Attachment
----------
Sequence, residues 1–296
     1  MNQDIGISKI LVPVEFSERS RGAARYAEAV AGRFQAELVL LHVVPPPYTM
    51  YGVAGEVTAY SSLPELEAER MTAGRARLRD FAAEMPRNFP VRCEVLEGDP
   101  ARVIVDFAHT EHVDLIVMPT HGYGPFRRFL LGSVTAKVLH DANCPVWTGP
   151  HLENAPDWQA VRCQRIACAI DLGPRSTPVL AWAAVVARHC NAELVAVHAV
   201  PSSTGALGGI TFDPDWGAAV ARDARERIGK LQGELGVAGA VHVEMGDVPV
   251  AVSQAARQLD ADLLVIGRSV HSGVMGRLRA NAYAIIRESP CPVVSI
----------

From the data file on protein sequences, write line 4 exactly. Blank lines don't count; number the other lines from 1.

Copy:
   101  ARVIVDFAHT EHVDLIVMPT HGYGPFRRFL LGSVTAKVLH DANCPVWTGP